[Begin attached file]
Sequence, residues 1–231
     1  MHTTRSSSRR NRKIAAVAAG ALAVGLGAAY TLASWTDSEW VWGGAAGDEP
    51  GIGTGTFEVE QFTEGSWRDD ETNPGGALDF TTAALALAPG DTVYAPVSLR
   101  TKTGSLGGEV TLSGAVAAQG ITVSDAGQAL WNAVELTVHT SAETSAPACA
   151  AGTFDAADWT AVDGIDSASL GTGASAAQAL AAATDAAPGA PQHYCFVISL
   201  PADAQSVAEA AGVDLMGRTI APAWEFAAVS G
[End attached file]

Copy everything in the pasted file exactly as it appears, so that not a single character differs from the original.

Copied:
Sequence, residues 1–231
     1  MHTTRSSSRR NRKIAAVAAG ALAVGLGAAY TLASWTDSEW VWGGAAGDEP
    51  GIGTGTFEVE QFTEGSWRDD ETNPGGALDF TTAALALAPG DTVYAPVSLR
   101  TKTGSLGGEV TLSGAVAAQG ITVSDAGQAL WNAVELTVHT SAETSAPACA
   151  AGTFDAADWT AVDGIDSASL GTGASAAQAL AAATDAAPGA PQHYCFVISL
   201  PADAQSVAEA AGVDLMGRTI APAWEFAAVS G